There are good meetings and there are bad meetings. I’ve been in and led both kinds. I once attended a webinar lecture that was definitely a ‘good’ meeting. The facilitator used a technique that leaders can use to increase attention and retention in their leadership training meetings. Here’s what she did in that training meeting that you can try to improve yours.

First, some background about my state of mind as the meeting began. Drowsy from a poor night’s sleep and in a brain fog because of too many carbs for lunch, I forced myself to log in for my class. Had I been given a choice, I would have taken a nap instead. My attention level was low. However, the professor used several simple techniques to rouse my attention. As a result, I learned a lot from the lecture.

On one power point slide she printed a single URL. She cued up the slide in this way. She said we were about to do an exercise that required us to focus for 30 seconds on people in the video who wore white shirts and were throwing a ball to each other. We were to count the number of times they passed the ball. She also commented that most people’s attention span lasts only 12 seconds.

Immediately part of my brain alerted other parts to pay attention because something was about to happen. These internal dynamics helped elevate my attention with a shot of norepinephrine, a brain chemical related to adrenalin. In this 30 second exercise she literally used 6 techniques that woke me and helped me learn better.

  1. Curiosity: The exercise woke up the part of my brain that is drawn to novelty. Novel things get our attention more easily than common things.
  2. Challenge: I was drawn into the lecture by the prospect of competition with others and with myself. I now wanted to learn.
  3. Motivation: The 12-second rule motivated me. I thought to myself, I know I can pay attention longer than that.
  4. Relevance: Related to the challenge, not only was I good with numbers but the exercise was relevant to the current topic about attention.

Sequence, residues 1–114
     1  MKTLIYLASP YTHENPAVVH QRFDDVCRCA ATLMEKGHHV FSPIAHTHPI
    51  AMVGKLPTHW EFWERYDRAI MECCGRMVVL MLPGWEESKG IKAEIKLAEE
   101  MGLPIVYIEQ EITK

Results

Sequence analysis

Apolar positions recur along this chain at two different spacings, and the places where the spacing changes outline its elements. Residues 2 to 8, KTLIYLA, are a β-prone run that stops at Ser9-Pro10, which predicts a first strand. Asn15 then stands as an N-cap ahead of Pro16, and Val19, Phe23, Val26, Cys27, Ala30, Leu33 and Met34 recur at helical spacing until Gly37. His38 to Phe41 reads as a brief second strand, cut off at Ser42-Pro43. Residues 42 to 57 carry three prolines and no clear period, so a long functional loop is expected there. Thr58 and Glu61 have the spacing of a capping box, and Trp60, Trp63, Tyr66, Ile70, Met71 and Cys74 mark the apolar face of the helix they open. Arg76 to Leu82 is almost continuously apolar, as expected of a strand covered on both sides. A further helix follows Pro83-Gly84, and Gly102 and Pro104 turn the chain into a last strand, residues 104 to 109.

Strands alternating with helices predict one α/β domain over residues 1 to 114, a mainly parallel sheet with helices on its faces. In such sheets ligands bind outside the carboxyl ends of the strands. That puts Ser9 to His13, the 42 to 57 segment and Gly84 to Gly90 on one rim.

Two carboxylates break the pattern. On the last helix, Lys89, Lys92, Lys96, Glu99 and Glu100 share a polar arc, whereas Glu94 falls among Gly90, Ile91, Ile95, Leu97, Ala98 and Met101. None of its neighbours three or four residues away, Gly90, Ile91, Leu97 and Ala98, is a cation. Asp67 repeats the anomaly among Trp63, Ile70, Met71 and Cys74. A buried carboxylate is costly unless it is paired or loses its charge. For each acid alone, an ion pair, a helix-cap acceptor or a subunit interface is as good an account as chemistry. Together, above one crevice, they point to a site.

5. Anticipation: In anticipation I sat up in my chair, opened my eyes wider, and felt my heart rate elevate.
  6. Satisfaction: After the exercise, I felt good because I had beaten the odds and gotten the right answer. This good feeling was due to the increase of another neurotransmitter, dopamine, which makes us feel good when it enters our brain’s pleasure center.

The next time you schedule a leadership meeting, try to use several of these simple techniques to increase attention and thus improve learning.

What techniques have you tried that have helped enhance your leadership meetings?

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Are you a Mary or a Martha Leader? Take this Quiz to Find Out

One of the most famous stories in the Bible describes Jesus’ visit to the home of Mary and Martha, the sisters of Lazarus whom Jesus raised from the dead. The story contrasts two kinds of living and leading: one a frenzied, driven style shown by Martha and the other a reflective style seen in Mary whom Jesus commended. In this post I include a personal inventory a leader can take to discover his or her leadership style.

Greg McKeown who authored the book Essentialism: The Disciplined Pursuit of Less captures Mary’s style with his definition of what he calls an essentialist.

“The way of the Essentialist means living by design, not by default. Instead of making choices reactively, the Essentialist deliberately distinguishes the vital few from the trivial many, eliminates the nonessentials, and then removes obstacles so the essential things have clear, smooth passage. In other words, Essentialism is a disciplined, systematic approach for determining where our highest point of contribution lies, then making execution of those things almost effortless (p. 7).”

I’ve included Luke’s account of Jesus’ visit below and follow it with a 10 statement self-assessment you can take to discover which of the two styles your leadership is most like. I’ve based the assessment from insights I drew from the story.